ESDL Spring/Summer 2015 Newsletter
Plenty of exciting news to report for this Spring:
- A big congratulations to Mollie van Gordon, who just received a NASA Earth and Space Science Fellowship to support her PhD research on using data-driven techniques to resolve human-environmental feedbacks in the Sahel. The title of her successful proposal is “Machine Learning and Information-Entropy Methods Using Remote Sensing Data for Understanding Hydrological Dynamics in a Coupled Human-Natural System: The Niger River Basin.”
- Mollie van Gordon also successfully passed her Qualifying Exam in May. On to the PhD!
- Cleo Woelfle-Erskine, an ERG PhD student affiliated with the lab, graduated in May with his PhD. Congratulations, Cleo!
This coming fall, we will be welcoming two new PhD students and two new postdocs. We’re very excited for them to join the ESDL community:
Christopher Tennant: Christopher Tennant will be starting a postdoc with the ESDL in August 2015 after receiving his PhD in Geosciences from the University of Idaho, where he has been working on hydrologic responses to rising snow lines.
Erin Beller: Erin will be starting her PhD in Fall 2015. She previously received a bachelor’s degree in Geological and Environmental Sciences from Stanford University and has been working as a principal investigator in the Historical Ecology group and project manager for the Resilient Landscapes Program at San Francisco Estuary Institute, her employer since 2006. Erin has received a Presidential Fellowship for her studies at Berkeley.
Hong-xu Ma: Hong-xu will be starting his PhD in Fall 2015. He previously received a bachelor’s and master’s degree from Wuhan University, where he majored in Hydrology and Water Resources and Remote Sensing. He just received the award of outstanding graduate (1st place) for the School of Water Resources and Hydropower Engineering at Wuhan University, and his second book has sold more than 40,000 copies, giving him the title of best-selling author in China. Hong-xu plans to work on sedimentation processes and land-building in coastal ecosystems.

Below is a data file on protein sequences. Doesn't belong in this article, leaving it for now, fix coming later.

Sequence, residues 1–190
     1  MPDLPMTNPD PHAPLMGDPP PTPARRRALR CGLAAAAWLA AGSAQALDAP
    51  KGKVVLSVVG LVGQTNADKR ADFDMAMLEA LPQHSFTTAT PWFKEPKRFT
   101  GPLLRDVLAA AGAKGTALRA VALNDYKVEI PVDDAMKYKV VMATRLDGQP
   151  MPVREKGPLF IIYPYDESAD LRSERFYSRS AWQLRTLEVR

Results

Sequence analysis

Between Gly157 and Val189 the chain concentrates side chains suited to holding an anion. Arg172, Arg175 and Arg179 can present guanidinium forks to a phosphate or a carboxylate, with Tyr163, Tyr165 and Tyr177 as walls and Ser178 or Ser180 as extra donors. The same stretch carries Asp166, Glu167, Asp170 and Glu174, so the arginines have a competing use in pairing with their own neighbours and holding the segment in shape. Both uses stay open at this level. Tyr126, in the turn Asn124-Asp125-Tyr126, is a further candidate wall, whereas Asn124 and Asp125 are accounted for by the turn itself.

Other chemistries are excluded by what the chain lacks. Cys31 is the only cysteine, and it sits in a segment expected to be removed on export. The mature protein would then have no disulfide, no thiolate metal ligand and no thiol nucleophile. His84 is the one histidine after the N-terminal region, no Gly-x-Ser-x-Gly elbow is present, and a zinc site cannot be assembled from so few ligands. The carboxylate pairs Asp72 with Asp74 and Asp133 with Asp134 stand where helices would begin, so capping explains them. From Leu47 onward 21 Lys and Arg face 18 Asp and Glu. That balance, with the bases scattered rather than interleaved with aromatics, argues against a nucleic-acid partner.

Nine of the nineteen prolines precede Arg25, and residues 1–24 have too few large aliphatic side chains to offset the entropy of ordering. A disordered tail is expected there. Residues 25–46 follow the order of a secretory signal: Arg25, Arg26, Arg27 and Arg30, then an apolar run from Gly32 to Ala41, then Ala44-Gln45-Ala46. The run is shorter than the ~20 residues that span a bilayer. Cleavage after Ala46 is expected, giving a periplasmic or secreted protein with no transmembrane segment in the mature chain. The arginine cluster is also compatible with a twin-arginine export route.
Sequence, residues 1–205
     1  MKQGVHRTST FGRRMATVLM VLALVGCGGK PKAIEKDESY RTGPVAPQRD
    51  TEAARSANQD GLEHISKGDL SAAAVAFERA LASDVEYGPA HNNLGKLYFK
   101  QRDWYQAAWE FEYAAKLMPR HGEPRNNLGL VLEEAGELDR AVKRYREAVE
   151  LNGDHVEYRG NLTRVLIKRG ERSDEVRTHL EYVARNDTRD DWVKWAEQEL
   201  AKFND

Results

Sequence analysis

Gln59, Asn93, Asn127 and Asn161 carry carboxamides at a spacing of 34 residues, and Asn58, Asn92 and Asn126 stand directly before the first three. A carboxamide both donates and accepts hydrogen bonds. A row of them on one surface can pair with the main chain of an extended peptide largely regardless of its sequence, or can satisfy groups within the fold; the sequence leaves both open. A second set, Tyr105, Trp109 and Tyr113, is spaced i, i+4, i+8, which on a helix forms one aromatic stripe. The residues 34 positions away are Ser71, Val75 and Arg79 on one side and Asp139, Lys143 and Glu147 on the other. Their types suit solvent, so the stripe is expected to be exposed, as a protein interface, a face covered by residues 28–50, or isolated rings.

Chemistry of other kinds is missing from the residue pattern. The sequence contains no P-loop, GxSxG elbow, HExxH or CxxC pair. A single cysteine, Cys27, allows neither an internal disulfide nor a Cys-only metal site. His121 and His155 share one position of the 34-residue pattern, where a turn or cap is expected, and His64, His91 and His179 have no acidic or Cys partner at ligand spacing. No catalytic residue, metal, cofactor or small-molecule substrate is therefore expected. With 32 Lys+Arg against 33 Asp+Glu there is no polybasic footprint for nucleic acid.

Dino Bellugi: Dino is currently a postdoc in the Department of Earth, Atmospheric and Planetary Science at MIT after having received his PhD in EPS at Berkeley in 2012. At MIT he worked on impacts of climate change driven extreme rainfall events on shallow landslides and has been developing machine learning procedures for landslide hazard prediction and the prediction of soil moisture. He will be starting with the ESDL in December 2015.
A few new papers:
- Just accepted: Larsen, L., L. Hajek, K. Maher, C. Paola, D. Merritts, T. Bralower, I. Montanez, S. Wing, N. Snyder, M. Hochella, L. R. Kump, and M. Person. 2015. Taking the pulse of Earth’s surface systems. Eos. In press.
- Just out in early view: Yuan, J., M. Cohen, D. Kaplan, S. Acharya, L. Larsen, and M. Nungesser. 2015. Linking metrics of landscape pattern to hydrological process in a lotic wetland. Landscape Ecology, doi: 10.1007/s10980-015-0219-z.